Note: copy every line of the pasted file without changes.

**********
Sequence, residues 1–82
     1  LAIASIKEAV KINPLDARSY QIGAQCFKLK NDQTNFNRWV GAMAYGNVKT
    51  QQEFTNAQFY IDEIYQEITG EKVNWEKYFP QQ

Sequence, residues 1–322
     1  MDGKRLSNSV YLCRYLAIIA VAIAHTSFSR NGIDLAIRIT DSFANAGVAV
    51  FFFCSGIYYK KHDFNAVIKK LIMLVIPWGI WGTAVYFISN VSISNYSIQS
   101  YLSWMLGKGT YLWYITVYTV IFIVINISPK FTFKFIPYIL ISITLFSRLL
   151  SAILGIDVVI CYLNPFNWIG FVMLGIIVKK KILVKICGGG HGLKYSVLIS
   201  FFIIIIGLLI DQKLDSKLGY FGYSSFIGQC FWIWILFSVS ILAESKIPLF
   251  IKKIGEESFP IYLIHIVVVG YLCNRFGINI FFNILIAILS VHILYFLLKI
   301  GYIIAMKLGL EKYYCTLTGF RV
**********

Sequence, residues 1–82
     1  LAIASIKEAV KINPLDARSY QIGAQCFKLK NDQTNFNRWV GAMAYGNVKT
    51  QQEFTNAQFY IDEIYQEITG EKVNWEKYFP QQ

Sequence, residues 1–322
     1  MDGKRLSNSV YLCRYLAIIA VAIAHTSFSR NGIDLAIRIT DSFANAGVAV
    51  FFFCSGIYYK KHDFNAVIKK LIMLVIPWGI WGTAVYFISN VSISNYSIQS
   101  YLSWMLGKGT YLWYITVYTV IFIVINISPK FTFKFIPYIL ISITLFSRLL
   151  SAILGIDVVI CYLNPFNWIG FVMLGIIVKK KILVKICGGG HGLKYSVLIS
   201  FFIIIIGLLI DQKLDSKLGY FGYSSFIGQC FWIWILFSVS ILAESKIPLF
   251  IKKIGEESFP IYLIHIVVVG YLCNRFGINI FFNILIAILS VHILYFLLKI
   301  GYIIAMKLGL EKYYCTLTGF RV